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Roland Allnach

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Books by Roland Allnach
The City of Never
By Roland Allnach
Posted: Sunday, February 19, 2012
Last edited: Sunday, February 19, 2012
This short story is rated "PG13" by the Author.
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Recent stories by Roland Allnach
· Beheld
· Turn the Wheel
· Conquest's End
· Shift/Change
· Memento
· The Great Hunter
· Flowers for Colleen
           >> View all 14
From the editors of Aphelion webzine:
An eccentric genuis plans to create his masterpiece, the most beautiful city in the universe. In order to fulfill his dream, he must inject an element of sorrow and loss into the work--and he does not care who gets hurt in the process.

 

The City of Never

by Roland Allnach
 
            An excerpt from the Coda Urbani:
THE CITY, by nature, is an amalgam of the natural and the man-made. Such a statement, obvious as it is, is not to be dismissed as pedestrian in nature, as it holds the pretense of so-called ‘urban’ design, that is, the creation of a human dwelling among that which is already created, Nature. One is not to preclude the other, for each is created in its own wisdom, and must find peace together in the tired eternity of shifting balances so casually referred to as yin and yang. For it must be remembered, remembered at all times and all costs during development, that nothing can or does exist in a vacuum; all things exist with at least a taste of their complimentary opposite.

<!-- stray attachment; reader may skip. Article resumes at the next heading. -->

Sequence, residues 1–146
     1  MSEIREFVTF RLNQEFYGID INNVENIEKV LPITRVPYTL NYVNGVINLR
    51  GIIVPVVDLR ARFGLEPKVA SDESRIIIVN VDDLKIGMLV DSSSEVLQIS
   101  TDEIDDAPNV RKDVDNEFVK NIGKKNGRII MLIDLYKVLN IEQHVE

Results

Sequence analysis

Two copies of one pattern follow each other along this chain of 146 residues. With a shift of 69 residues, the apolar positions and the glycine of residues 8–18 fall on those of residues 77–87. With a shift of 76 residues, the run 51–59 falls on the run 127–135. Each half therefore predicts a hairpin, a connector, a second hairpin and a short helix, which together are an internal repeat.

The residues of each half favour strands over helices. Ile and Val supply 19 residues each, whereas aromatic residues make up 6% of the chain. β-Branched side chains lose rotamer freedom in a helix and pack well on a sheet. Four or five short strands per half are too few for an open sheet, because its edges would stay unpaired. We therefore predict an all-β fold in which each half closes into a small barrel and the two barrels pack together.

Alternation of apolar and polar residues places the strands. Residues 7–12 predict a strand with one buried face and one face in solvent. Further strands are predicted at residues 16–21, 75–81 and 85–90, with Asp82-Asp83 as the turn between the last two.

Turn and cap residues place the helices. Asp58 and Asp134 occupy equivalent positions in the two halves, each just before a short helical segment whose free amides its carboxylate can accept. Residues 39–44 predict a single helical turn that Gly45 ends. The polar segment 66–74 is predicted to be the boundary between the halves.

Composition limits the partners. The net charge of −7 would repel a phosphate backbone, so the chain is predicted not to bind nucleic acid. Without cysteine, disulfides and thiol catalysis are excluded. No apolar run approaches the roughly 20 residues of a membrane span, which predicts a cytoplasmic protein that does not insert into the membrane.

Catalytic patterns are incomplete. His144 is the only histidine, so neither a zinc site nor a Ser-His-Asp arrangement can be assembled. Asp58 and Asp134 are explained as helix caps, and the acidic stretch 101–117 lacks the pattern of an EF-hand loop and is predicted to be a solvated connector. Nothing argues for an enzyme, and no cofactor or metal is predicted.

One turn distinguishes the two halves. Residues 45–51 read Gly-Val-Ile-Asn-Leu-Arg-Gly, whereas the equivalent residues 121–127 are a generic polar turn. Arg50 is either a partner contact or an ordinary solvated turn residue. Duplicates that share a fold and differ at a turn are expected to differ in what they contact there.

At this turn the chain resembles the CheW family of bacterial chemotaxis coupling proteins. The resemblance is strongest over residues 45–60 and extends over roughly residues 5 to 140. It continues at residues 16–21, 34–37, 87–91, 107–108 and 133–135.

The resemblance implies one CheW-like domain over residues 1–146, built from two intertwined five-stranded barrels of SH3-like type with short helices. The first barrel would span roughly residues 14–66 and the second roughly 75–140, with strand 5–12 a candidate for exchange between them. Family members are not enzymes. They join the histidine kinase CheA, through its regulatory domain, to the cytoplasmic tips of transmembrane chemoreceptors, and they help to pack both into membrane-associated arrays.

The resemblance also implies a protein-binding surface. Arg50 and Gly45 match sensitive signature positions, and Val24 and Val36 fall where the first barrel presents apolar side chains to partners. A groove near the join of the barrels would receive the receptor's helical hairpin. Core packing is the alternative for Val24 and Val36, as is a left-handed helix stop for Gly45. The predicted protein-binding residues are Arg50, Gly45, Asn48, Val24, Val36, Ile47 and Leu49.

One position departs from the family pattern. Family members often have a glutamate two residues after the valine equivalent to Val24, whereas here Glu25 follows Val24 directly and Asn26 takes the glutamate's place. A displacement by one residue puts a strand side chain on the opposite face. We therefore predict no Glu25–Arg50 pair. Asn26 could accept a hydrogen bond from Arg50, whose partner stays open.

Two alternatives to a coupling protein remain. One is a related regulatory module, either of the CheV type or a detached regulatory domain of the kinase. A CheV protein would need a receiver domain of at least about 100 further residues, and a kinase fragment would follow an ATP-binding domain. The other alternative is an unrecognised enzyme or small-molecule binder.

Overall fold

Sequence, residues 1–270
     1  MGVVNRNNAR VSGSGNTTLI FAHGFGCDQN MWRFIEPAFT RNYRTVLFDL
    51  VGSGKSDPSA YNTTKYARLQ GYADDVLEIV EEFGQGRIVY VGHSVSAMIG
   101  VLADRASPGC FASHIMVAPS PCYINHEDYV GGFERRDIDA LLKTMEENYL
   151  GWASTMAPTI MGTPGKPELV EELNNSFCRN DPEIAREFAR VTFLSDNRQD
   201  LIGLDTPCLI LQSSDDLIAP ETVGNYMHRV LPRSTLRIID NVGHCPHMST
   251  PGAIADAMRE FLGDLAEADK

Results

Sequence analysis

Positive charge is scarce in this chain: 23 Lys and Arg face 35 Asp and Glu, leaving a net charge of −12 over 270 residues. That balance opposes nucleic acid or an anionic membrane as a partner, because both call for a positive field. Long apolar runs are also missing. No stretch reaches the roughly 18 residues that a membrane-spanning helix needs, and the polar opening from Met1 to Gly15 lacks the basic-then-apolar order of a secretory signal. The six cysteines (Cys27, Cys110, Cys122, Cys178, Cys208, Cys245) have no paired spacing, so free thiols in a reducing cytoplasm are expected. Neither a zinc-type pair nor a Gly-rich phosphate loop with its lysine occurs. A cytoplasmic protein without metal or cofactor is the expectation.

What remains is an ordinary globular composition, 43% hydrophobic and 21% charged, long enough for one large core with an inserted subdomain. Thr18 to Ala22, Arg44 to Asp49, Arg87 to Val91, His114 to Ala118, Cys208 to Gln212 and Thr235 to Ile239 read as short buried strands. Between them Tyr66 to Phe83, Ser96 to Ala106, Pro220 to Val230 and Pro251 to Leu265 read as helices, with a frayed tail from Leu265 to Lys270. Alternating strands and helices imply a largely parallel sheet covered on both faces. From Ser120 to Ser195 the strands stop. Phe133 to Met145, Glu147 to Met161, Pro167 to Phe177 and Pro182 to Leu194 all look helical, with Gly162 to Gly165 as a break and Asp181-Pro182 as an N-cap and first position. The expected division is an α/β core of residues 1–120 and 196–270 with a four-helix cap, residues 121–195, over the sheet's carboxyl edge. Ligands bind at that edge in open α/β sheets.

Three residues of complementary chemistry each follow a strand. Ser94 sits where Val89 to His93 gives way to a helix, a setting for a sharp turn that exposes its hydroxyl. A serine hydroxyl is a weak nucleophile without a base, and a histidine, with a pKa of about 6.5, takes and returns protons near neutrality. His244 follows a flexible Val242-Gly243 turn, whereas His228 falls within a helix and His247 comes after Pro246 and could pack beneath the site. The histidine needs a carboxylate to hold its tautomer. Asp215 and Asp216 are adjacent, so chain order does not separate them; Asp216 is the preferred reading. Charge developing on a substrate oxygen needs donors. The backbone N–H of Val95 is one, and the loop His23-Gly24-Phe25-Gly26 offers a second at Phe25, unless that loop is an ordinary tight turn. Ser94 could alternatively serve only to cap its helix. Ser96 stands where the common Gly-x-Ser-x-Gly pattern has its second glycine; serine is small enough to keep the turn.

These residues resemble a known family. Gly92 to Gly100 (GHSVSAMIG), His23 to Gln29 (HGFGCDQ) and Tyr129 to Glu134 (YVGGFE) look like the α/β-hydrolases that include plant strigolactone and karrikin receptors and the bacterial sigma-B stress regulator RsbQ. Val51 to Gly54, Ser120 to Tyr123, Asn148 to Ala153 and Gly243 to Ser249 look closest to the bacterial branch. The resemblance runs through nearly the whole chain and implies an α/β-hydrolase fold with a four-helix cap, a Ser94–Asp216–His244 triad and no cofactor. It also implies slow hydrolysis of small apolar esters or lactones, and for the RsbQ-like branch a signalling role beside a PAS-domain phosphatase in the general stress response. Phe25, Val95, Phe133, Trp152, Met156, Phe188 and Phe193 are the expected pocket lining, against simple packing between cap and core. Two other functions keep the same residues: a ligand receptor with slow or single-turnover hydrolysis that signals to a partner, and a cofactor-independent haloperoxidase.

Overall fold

***
 
            …I remember the freckles on the soft curve of her cheek under the golden light of dawn, like the photonegative image of morning dew glistening on Satan’s apple…
 
***
 
            Gregor gasped inside the stifling, claustrophobic confinement of the immense erector, heedless of the several square kilometers of havoc he left behind him. The erector, a massive, octopus-like machine known as the Saanos-7, clicked, hummed, and hissed around him. His gaze darted about. He was weak, bleeding from a stab wound in his belly. The sensor cap fastened to his scalp felt like an obscene nest of warm tentacles reaching into his mind, but it was through those neural connections that he wielded the might of the Saanos-7 and propelled its megaton metal mass with his thoughts alone.
            He blinked, his arms easing to let his hands dangle from the auxiliary control yoke before him. Nests of analog gauges were clustered before his face, surrounding a small display screen the size of his hand. A delicate wood flute was taped in crude fashion to the top of the display; a thin silver necklace with a small and imperfect emerald dangled along one side. An old-fashioned spiral bound notebook was rolled up and wedged between some of the gauges to the immediate right of the screen.
            His eyelids fluttered. It was impossibly hot inside the Saanos-7, but then this was not the intended way for its use. No, those plans were long gone, long lost.